There are several reasons why inter-rater reliability may be low:

  1. Lack of clarity or ambiguity in the criteria: If the criteria used to evaluate the phenomenon are unclear or ambiguous, raters may have different interpretations and produce inconsistent ratings.

  2. Differences in judgment or perception: Raters may have different judgments or perceptions of the phenomenon being evaluated, which can lead to disagreements and inconsistent ratings.

  3. Rater bias: Raters may have personal biases or preferences that influence their evaluations, leading to inconsistent ratings.

  4. Inadequate training or lack of experience: If the raters are not adequately trained or do not have a clear understanding of the protocol or criteria, they may produce inconsistent ratings.

  5. Complexity of the phenomenon: If the phenomenon being evaluated is complex or difficult to evaluate, raters may have difficulty producing consistent ratings.

  6. Insufficient sample size: If the sample size is too small, it may be difficult to establish inter-rater reliability due to limited data.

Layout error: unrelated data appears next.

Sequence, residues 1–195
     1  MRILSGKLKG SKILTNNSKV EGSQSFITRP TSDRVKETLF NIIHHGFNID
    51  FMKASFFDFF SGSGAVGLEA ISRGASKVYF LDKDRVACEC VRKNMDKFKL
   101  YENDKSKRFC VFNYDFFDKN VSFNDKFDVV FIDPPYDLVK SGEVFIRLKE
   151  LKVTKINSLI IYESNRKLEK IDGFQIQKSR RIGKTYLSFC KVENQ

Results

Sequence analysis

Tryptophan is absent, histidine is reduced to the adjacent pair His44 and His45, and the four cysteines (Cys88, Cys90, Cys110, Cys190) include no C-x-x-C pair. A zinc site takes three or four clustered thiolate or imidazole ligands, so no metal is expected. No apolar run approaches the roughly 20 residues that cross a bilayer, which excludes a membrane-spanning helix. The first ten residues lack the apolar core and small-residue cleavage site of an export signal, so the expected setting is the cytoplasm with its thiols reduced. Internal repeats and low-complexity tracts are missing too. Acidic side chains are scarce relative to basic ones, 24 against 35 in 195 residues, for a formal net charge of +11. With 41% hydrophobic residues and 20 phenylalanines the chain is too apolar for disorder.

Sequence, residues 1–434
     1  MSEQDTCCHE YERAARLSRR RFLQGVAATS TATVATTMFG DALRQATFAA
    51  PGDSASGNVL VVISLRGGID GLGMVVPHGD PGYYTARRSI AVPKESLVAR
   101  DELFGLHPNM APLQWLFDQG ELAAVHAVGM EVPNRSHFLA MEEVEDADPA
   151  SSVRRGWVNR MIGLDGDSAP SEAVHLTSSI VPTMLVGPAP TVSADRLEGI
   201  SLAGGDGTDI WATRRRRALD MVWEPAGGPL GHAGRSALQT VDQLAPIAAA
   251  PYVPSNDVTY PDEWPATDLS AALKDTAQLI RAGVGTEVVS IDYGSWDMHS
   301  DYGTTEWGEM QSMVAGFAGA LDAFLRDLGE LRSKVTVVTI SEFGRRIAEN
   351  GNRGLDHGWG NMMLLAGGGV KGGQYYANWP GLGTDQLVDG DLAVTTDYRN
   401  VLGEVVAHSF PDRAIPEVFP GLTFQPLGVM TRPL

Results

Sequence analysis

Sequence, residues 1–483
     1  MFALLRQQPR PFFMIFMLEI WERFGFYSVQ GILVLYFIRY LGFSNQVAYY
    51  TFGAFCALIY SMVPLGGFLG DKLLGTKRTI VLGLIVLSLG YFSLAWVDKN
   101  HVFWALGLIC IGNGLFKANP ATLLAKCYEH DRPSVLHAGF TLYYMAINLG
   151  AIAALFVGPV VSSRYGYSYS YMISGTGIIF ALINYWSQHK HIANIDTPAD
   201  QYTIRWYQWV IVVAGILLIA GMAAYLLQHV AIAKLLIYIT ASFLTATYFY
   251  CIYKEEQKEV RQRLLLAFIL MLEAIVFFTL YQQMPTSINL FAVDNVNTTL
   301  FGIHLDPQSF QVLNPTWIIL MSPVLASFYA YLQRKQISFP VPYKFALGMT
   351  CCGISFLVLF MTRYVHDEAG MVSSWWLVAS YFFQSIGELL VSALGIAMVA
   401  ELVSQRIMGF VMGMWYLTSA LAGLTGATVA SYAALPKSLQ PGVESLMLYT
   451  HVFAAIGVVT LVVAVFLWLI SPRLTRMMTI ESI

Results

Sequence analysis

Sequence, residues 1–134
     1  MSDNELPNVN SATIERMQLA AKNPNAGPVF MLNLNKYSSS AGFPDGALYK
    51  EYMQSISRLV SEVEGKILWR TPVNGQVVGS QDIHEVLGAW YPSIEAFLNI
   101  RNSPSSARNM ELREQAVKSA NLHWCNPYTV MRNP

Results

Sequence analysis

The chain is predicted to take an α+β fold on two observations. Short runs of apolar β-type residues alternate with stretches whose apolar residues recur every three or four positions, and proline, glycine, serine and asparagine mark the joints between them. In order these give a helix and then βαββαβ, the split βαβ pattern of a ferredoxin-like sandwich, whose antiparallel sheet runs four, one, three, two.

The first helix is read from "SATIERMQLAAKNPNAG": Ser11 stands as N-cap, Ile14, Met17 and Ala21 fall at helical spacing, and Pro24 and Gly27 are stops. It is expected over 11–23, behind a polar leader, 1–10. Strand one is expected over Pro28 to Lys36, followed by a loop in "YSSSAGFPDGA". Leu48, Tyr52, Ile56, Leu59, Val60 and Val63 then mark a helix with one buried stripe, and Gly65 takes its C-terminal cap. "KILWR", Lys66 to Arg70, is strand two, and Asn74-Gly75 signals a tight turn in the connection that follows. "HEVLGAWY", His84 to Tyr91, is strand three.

By identifying the reasons for low inter-rater reliability, steps can be taken to address them and improve the consistency and accuracy of the ratings.


There are several ways to improve inter-rater reliability, including:

  1. Clear criteria and definitions: Ensure that the criteria and definitions used to evaluate the phenomenon are clear and unambiguous. This can be done through training, discussions, or reference materials.

  2. Standardised protocol: Provide a standardised protocol or form that guides the raters in their evaluations. This can include instructions, rating scales, and examples of what to look for.

  3. Rater training: Train the raters on how to use the protocol and how to apply the criteria consistently. This can include practice exercises for screening, feedback, and discussion.

  4. Rater monitoring: Monitor the raters during the evaluation process to ensure that they are applying the criteria consistently. This can include observing their evaluations, providing feedback, and resolving any disagreements.

  5. Blind ratings: Blind ratings can be used to improve inter-rater reliability by preventing raters from being influenced by the ratings of others. Covidence does this automatically.

  6. Pilot testing: Pilot testing can be used to identify any issues with the protocol or criteria before the actual evaluation process begins.

By using these methods, you can improve the consistency and accuracy of the ratings, which can lead to more reliable and valid research findings.